France in 2011 had a deficit of €70bn compared with Germany's surplus of €158bn - - only 12% of the latter related to the Eurozone and two-thirds was ex-EU27. In effect, Europe would have been poorer without the global success of Germany's world class companies.

"Did I mention that -- after unification -- the Germans tried (against their will, they had to) more than a decade of massive fiscal stimulus, and subsidization of consumption, starting with well under full employment, and yet with mediocre results? That wasn't long ago," Tyler Cowen, a US economist, commented in 2010. "And yet somehow it is a mystery, or a strange annal in some long book of Dogmengeschichte, that the Germans are not more interested in Keynesian economics."

Despite massive public spending since 1991, GDP per capita in the former East Germany is about 70% of the level in the former Federal Republic. Convergence within Germany or in the Eurozone, is a very long process.

Even if the weakest German regions were to grow a steady 4 percentage points faster than the strongest regions, it would them take more than 45 years to catch up.

In Europe, without checking the facts, commentators and economists can wrongly assume that the Germans are Europe's biggest savers and have no memory of the fact that as recently as 2003, Prof. Hans-Werner Sinn of the Ifo institute, had a book published: 'Ist Deutschland noch zu retten?' (Can Germany Be Saved?) - - Its blurb read:

“Taxes keep rising, the pension and health insurance systems are ailing. More and more companies are going bankrupt or are leaving the country. Unemployment has reached alarming levels. Germany is outperformed by its neighbours. It’s growth rates are in the cellar, and it can’t keep up with Austria, the Netherlands, Britain or France. Germany has become the sick man of Europe. “

The sick man of Europe!

The benefits of reforms with flexible wage agreements were seen during the recession and up to 1.5m people were kept at work with the help of public subsidies. It's not all roses and in the services sector, there are too many on low pay dependent on public top-ups.

In France, President Chirac ventured into the minefield of reform in 1995 but he soon threw in the towel.

The UK's gross debt/GDP ratio is expected to be 88% this year compared with 145% in 1956.

Sir Samuel Brittan, veteran economics columnist of The Financial Times has commented: "The second world war was financed in the UK with a 0.5% bank rate. Why should it be more alarming for governments to get into debt to put people into useful work satisfying human needs than to borrow for guns and tanks whose only aim is to kill other human beings?"

Governments tend to do a lot more these days and a French male typically retires at 59 - say entering the workforce at 24 and living until 80 - - - 45 years of dependency. The French have a social security tax on wages of an average 40% (30% paid by the employer) and no country can now afford cradle to grave 'socialism' - - and in China, unlike France, most people have to purchase health services.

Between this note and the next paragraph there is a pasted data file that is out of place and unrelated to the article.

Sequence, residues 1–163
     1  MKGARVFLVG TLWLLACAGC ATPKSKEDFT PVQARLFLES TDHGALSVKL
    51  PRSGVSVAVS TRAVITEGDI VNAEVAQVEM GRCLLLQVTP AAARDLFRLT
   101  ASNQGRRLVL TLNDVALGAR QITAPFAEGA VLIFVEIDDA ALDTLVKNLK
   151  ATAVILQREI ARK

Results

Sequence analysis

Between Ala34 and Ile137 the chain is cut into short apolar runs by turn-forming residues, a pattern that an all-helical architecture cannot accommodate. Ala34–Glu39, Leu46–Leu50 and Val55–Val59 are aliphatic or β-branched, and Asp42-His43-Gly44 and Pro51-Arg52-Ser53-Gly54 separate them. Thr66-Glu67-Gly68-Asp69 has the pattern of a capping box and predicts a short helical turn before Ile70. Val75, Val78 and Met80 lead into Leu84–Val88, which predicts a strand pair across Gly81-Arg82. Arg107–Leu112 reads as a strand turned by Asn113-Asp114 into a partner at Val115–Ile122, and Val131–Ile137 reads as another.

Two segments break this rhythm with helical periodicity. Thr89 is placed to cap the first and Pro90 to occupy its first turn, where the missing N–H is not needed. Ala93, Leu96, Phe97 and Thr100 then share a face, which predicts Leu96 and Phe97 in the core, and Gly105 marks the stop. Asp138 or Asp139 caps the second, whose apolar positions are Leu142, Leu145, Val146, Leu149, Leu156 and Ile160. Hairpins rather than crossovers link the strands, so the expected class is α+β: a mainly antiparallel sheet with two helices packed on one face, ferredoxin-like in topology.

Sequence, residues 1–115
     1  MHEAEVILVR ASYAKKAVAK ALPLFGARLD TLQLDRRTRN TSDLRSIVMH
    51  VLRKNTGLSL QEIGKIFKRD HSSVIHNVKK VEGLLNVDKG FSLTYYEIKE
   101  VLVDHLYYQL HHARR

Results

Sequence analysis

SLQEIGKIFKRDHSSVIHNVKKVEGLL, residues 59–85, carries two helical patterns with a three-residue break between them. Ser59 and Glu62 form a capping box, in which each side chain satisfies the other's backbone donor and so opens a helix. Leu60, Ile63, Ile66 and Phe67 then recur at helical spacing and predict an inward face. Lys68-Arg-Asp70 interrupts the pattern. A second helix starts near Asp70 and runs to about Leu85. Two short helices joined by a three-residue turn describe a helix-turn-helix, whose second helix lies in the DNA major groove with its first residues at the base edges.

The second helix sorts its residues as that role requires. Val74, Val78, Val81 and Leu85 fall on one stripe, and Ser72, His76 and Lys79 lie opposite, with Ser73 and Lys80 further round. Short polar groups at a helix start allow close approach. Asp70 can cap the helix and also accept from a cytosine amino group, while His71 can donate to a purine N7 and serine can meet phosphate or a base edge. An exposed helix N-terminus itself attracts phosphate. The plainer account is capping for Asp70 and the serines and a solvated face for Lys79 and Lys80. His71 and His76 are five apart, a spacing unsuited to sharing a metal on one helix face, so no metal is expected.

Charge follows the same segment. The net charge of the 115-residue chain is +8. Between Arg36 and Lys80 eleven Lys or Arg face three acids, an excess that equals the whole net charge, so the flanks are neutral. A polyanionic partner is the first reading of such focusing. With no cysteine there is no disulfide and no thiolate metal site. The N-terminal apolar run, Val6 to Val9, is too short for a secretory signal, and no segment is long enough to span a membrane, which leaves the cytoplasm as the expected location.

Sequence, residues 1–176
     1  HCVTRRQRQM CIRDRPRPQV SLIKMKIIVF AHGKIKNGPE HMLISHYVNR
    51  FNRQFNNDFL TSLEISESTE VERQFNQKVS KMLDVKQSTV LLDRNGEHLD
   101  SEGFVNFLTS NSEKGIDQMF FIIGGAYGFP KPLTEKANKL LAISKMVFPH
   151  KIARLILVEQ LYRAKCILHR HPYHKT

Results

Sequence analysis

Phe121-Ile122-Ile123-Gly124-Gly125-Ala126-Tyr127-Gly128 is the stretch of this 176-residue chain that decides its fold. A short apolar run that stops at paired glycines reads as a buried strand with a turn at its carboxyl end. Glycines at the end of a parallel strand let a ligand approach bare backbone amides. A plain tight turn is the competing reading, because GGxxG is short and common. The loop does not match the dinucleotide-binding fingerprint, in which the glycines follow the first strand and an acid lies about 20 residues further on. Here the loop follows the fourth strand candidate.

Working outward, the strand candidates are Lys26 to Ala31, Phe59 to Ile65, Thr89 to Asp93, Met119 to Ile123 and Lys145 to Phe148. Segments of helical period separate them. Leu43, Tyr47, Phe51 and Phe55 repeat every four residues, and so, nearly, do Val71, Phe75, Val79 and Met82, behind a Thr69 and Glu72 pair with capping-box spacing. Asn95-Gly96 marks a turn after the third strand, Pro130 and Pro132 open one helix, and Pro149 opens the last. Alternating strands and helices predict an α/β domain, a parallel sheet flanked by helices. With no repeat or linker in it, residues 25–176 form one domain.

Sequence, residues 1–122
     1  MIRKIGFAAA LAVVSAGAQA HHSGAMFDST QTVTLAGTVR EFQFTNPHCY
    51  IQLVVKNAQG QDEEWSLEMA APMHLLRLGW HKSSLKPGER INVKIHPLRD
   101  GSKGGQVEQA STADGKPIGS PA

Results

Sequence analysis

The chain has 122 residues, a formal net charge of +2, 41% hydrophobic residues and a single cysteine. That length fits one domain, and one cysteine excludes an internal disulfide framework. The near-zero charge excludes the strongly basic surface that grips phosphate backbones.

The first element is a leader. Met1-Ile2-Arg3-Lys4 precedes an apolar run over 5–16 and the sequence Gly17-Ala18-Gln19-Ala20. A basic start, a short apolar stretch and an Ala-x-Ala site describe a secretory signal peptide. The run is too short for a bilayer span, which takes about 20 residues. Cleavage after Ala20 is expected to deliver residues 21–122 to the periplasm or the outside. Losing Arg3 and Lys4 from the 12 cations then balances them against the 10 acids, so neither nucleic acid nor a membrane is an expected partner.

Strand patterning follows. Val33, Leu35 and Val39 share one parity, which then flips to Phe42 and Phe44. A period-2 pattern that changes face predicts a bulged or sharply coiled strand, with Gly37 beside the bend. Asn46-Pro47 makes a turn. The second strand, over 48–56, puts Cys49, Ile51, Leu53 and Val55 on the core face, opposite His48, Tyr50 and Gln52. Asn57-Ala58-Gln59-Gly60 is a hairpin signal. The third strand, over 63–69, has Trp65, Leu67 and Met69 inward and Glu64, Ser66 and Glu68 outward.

In countries such as France, Spain and Ireland, some groups have disproportionate benefits while young workers maybe lucky to get temporary work. In Ireland, the majority of private sector workers have no occupational pension while public sector workers have pay premia; guaranteed employment and a pensions scheme linked with earnings.

It all adds up and in 2011, the public pay and pensions bill (ex-local authorities) was over €17bn -- compared with €16bn in 2006 -- the peak year of the boom - - and €10bn in 2001. The social protection budget was €8bn in 2001 and €21bn in 2011.

There is need for reform because the global market is no longer Western Europe, US, Canada and Japan.

What is often ignored in Europe is that the growth crisis is not new and pre-dates the euro. Until the bitter truth is faced, the remedies will not match the challenge.

Eurozone countries like Italy, Spain and Greece have had trade deficits with Germany since at least 1980 -- 20 years before the euro launch. The International Monetary Fund (IMF) says the euro is a continuation rather than a structural break and the Fund's statistics show that since 1999, Germany's trade surplus with the rest of the world has grown faster than its surplus with the other Eurozone countries -- and faster still with European nations that have not adopted the euro.

Marco Annunziata, an Italian economist, says that implausible as it sounds, Italian voters have put up with an average youth unemployment rate of 30% for the last 40 years; Spanish voters with a rate of 32%. Italy experienced “strong” economic growth during 1994-2000, with GDP rising at an annual average of 2%. During this boom period, the youth unemployment rate still averaged 33%. In other words, one young person in three was unemployed when the economy was at its strongest. The rate never dropped below 20%.

Spain’s economy grew at an average of 3.6% between 1995 and 2007. During this impressive run, the youth unemployment rate averaged 28%; it was below 20% for just three years, with a “best performance” of 18% in 2006.

In 1994, Spain's total jobless rate was over 24% in 1994, 21% in 1997 and 8% in 2007 and back to 24% in 2012. Italy's jobless rate was higher in 1996 than it is now.

Italy's economy grew at an annual rate of 0.3% in the last decade. Ex-property booms in Spain and Ireland and a credit boom in Greece, there would have been no growth.

Much of UK growth was an illusion powered by public spending and the financial services boom.

Ireland's jobs in the internationally traded goods and services are below the 1999 level. In the period 2000-2007 -- the bubble years -- no jobs were added as employment grew in other sectors by 430,000.

Indigenous trading firms typically export about 35% of output and the sector added 10,000 jobs but the FDI sector lost 10,000 net jobs.

More on the Irish jobless exports surge here:

Reform is a dirty word in many countries in Europe because vested interests rightly fear change.

The World Bank's 'Doing Business 2012' rankings of the ease of doing business in 183 countries puts Greece at 100, behind Yemen and Vietnam and just ahead of Papua New Guinea. This compares with Italy at 87, just behind the former communist ruled Mongolia; Spain is at 44; Portugal at 30 and Ireland at 10.

There can be a case for long-term investment in current times. However, EU funds have supported significant improvements already in Greece, Ireland, Spain and Portugal.

Despite superior infrastructure, inward FDI as a percentage of Greece’s GDP averaged only about 1% from 2004 through 2010, compared with an average of 8.1% in Bulgaria, Turkey and Romania.

A solution will have to be a two-way street.